#4: Long-range tank (>9 gallons)
The most reliable method of carrying extra fuel for a long trip is to just fit a bigger tank. Some bikes have the option of a larger tank straight from the factory. The BMW R 1250 GS Adventure, for instance, has a 30 liter tank compared to the standard BMW R 1250 GS that only takes 20 liters. There are also aftermarket brands that make long distance tanks for a wide range of motorcycles, like Acerbis.
The big advantage of a larger tank is that it is much safer. There is no risk that it will fall off or leak, and is less likely to get damaged if the bike falls over. It also places the extra weight right between your legs where it has the smallest effect on the center of gravity.
A built-in tank eliminates the need to stop to refill the main tank and you get to avoid the messy business of trying to fill a tank from a can or bottle. If you are serious about going off the beaten track, the size of your bike’s tank is something that seriously need to consider.
Do I need to carry extra fuel?
Before you go out and buy the most expensive aftermarket long-range tank and have it installed on your bike, take a moment to consider whether you really need extra fuel. On most main routes, gas stations are spaced close enough so that you don’t need a range much further than 200 miles. Most adventure bikes will comfortably reach the next filling station. This is true even in third-world countries across Africa. On our Crossing Africa trip we only never needed our extra fuel, even in the Western Desert in Egypt. We did, however, still carry extra fuel in some areas for peace of mind.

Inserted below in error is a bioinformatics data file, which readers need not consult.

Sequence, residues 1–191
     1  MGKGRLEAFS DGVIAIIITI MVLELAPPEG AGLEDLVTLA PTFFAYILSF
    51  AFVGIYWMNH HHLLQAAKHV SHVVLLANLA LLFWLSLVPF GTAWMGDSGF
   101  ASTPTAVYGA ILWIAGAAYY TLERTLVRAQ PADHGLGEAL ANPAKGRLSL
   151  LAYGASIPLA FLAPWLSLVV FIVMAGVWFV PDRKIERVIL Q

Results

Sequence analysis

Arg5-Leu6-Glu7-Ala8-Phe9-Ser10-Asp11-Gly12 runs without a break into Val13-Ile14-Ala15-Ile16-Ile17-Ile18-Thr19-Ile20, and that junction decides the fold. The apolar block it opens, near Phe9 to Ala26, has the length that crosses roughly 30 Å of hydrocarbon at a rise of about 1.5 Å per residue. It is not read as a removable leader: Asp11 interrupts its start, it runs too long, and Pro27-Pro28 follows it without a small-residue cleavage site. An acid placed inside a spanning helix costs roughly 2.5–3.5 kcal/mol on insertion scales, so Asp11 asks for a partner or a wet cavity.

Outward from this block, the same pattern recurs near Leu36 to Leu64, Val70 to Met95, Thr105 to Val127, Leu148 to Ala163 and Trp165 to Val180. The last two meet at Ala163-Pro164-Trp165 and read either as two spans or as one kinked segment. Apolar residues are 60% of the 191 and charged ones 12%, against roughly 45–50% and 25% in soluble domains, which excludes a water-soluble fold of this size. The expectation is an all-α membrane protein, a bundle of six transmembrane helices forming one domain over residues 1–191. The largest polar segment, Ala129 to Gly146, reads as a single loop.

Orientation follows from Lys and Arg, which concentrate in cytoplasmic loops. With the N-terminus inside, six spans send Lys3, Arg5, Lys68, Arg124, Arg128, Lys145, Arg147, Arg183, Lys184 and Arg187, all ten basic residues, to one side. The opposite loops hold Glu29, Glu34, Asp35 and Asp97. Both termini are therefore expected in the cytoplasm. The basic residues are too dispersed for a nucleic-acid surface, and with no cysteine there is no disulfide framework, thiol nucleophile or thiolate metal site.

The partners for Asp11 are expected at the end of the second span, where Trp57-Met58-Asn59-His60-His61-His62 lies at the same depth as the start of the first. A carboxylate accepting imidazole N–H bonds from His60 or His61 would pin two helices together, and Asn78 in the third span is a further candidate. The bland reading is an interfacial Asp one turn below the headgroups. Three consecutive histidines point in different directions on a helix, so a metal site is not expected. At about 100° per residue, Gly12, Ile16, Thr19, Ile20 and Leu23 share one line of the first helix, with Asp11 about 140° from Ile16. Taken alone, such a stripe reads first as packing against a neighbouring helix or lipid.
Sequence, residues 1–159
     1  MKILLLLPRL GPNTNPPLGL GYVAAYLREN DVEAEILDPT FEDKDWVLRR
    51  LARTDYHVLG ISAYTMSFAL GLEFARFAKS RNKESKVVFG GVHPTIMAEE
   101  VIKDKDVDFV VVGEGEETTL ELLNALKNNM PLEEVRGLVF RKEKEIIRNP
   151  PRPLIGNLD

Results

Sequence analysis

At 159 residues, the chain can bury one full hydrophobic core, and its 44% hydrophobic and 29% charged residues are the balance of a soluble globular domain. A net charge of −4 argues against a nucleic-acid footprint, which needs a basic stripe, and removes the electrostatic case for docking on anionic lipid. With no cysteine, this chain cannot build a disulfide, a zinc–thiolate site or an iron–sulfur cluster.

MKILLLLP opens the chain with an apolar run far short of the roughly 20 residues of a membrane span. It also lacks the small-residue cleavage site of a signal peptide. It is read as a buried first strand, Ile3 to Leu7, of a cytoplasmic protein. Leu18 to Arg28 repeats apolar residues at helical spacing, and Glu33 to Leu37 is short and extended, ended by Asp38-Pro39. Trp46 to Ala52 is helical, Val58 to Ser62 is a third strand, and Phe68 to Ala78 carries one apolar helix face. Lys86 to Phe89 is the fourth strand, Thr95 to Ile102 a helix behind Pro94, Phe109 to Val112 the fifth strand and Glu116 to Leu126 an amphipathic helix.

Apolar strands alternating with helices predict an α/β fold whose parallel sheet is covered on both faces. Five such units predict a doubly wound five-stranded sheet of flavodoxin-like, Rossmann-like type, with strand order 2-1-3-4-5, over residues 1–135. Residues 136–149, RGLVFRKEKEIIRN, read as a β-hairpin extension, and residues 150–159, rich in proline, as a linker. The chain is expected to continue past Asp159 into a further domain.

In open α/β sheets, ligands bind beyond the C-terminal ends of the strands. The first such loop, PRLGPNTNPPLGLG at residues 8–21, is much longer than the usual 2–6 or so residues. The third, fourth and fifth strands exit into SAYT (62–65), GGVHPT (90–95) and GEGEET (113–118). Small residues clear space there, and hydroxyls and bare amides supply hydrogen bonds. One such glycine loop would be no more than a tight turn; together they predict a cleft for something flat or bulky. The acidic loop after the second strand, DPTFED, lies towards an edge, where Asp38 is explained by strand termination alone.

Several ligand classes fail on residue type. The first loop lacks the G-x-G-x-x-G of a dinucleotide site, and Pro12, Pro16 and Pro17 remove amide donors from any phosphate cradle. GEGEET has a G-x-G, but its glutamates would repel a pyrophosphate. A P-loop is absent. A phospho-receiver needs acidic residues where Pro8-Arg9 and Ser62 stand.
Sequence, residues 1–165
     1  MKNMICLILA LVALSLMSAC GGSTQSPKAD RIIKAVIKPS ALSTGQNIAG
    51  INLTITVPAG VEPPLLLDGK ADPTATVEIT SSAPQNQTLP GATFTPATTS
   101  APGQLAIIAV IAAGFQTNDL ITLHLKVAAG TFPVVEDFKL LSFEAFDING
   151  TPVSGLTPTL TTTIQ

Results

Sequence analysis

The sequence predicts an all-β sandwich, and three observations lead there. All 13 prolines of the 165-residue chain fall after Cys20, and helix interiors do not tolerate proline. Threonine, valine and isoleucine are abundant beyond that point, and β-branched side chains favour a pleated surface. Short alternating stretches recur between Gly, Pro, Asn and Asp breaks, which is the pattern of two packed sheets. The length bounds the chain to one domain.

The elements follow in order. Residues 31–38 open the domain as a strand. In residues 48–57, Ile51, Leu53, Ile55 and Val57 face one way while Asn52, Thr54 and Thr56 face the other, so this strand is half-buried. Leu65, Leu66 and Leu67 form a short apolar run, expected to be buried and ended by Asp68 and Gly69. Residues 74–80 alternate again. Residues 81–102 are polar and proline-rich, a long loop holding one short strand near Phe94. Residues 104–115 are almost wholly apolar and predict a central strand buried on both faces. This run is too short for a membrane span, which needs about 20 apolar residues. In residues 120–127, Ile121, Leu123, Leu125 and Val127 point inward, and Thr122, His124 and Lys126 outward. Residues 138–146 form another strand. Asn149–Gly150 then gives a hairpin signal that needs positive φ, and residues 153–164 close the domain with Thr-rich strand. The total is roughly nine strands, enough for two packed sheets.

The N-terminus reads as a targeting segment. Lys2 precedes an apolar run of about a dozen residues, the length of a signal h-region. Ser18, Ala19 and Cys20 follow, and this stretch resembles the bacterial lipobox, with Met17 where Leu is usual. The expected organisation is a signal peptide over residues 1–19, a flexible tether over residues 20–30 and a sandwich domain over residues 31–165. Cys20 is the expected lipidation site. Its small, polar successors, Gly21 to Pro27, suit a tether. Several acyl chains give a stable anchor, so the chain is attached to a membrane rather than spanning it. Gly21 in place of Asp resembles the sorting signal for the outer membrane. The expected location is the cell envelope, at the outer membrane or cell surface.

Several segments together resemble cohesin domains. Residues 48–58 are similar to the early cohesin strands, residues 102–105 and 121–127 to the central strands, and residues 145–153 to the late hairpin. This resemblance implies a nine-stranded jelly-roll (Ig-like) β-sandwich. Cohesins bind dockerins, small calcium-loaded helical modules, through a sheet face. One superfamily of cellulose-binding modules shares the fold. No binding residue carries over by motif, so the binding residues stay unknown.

If you plan on going off the beaten track without a back-up vehicle, then you will have to make sure you carry enough extra fuel.
How do you know how much fuel you need?
When you are doing your rough route planning before the trip, make notes of planned routes where there aren’t any large towns on the map. Look on Google Earth or Google Maps how many miles you will have to cover before the next reliable gas station. Add a few miles to be on the safe side.
Next you need to determine your bike’s fuel consumption. Remember, you need to measure it while fully laden with all the gear you plan on taking on the trip. A shorter pre-trip weekend to test all your gear is perfect for this. Fill up your tank all the way to the neck without spilling and write down the odometer reading. Ride at least 200 miles before filling up with gas again. Write down your trip miles (the distance traveled since the last fill-up) and divide it by the quantity of gas required to fill the tank. This will give you your consumption in miles per gallon (MPG). You can also use this fuel consumption calculator if you prefer.
The last step is to divide the furthest distance you expect to ride on your tour by the fuel consumption of you bike. This will tell you how much fuel you will need. You can deduct your bike’s tank volume to find out how much extra fuel you need to carry, and therefore the volume of the container you need.
- Make sure your container does not leak onto yourself or your luggage. Fuel is highly flammable and can have devastating consequences next to the campfire.
- Don’t wear fuel containers on your body while riding, like in a backpack or a vest.
- Don’t carry fuel in a container that was not meant for fuel. Plastic soda bottles will start to disintegrate and leak due to the volatile nature of fuel.
Fuel is dangerous. Be safe out there!